Norman Granz

I was sorry to hear that Norman Granz died on Thanksgiving. After bringing such wonderful music to so many folks, I had kind of hoped that he would be given special treatment and allowed to live forever.

Tonight, I’m going to go home, pour myself a good Scotch, turn down the lights, light a cigarette (if I can find any in the house), and listen to a bunch of wonderful music. That seems to be a fitting tribute to the man who worked so closely with Ella, and Billie, and Count Basie, and on and on and on and on.

More power to ya, plnnr - I only got to see Tommy Flanagan once before he passed away this month, and he was so fluid and amazing. Definitely worth a listen in his honor.

Hear hear! Few non-musicians can be said to have transformed jazz for the better, but Norman Granz was one of them.

For those Cafe members wondering, “Who is Norman Granz?” he was a jazz impressario and record producer who founded Verve records and recorded some of the most important artists in jazz history. A brief description of his career can be found here:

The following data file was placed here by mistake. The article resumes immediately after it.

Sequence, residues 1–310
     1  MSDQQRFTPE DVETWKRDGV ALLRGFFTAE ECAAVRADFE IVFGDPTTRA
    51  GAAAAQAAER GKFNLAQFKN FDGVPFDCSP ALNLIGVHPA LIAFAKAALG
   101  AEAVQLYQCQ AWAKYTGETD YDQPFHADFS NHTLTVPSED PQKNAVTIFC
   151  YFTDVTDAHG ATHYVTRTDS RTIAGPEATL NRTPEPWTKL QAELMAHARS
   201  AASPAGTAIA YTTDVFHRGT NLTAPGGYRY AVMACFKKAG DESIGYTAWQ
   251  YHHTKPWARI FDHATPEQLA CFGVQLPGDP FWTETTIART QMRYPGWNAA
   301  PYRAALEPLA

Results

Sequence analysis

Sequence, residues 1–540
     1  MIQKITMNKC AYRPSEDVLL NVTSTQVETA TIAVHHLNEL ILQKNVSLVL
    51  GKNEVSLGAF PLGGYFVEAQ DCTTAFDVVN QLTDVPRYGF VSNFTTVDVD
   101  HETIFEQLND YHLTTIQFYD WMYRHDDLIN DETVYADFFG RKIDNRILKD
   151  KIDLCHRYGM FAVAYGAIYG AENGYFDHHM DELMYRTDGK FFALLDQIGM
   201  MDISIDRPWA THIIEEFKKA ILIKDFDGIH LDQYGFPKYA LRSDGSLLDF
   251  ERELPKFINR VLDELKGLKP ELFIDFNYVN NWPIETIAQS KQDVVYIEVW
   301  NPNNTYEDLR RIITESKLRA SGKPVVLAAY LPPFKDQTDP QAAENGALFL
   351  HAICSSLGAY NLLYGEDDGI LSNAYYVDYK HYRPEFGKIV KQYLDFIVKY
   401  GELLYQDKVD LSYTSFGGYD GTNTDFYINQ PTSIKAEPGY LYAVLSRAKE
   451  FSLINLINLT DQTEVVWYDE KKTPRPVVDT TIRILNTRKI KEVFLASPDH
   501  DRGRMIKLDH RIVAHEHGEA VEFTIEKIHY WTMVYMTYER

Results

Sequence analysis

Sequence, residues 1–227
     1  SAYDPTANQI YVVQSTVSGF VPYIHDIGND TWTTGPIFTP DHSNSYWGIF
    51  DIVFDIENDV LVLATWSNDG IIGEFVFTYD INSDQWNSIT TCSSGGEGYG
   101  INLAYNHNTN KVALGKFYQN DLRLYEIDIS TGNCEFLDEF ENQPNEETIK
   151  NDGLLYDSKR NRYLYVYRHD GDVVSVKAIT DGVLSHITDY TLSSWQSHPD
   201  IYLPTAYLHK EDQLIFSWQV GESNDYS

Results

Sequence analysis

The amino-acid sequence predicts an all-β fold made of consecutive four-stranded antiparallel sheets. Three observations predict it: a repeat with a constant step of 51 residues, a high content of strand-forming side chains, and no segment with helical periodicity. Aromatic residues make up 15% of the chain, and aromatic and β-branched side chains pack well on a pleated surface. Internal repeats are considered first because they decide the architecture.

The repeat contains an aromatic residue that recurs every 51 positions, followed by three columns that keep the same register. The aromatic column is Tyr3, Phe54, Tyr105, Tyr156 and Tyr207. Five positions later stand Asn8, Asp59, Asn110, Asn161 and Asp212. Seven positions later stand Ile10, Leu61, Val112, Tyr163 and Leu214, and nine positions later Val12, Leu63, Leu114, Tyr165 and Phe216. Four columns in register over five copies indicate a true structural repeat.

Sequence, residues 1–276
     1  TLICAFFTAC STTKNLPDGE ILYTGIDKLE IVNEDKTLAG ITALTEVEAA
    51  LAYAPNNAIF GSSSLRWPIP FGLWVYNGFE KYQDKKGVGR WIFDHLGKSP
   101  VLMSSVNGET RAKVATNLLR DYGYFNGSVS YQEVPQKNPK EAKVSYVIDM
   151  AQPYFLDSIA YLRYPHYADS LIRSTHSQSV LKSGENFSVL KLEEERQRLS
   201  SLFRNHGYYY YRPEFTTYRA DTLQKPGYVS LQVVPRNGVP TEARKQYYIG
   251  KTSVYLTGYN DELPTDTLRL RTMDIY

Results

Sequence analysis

A good steak dinner, a couple of hefty J&B and waters, a Camel or two later, and Billie Holiday’s Silver Collection on the stereo. Here’s to you, Mr. Granz. Thank you.

Thanks for posting this remembrance thread, plnnr! The obit in the NY Times the other day made for fascinating reading…not only did Granz put on a LOT of good music, he did much to make jazz welcome in “respectable” venues, and much to break down the color line during the pre-Civil Rights Era.

I had my copy of the 1946 JAZZ AT THE PHILHARMONIC out last night, recorded in January and April at Los Angeles’s Philharmonic Auditorium, and featuring Dizzy Gillespie, Willie Smith, Lester Young, Coleman Hawkins, Buck Clayton, Howard McGhee, Mel Powell, and Buddy Rich. Not to mention a Charlie Parker so swacked on heroin that he stepped out to take his first chorus on “Blues for Norman” and forgot to play…just stood there with the horn in his mouth. Arnold Ross stepped in to take a piano solo until Bird remembered just where the hell he was.

This was follwed by two choruses in “Oh! Lady Be Good” of such intense brilliance that none of the other horn players were willing to follow Parker’s solo. McGhee and Smith snuck backstage and found Prez, who was sneaking a drink, and dragged him out, feeling that he was the only one there who could answer Bird.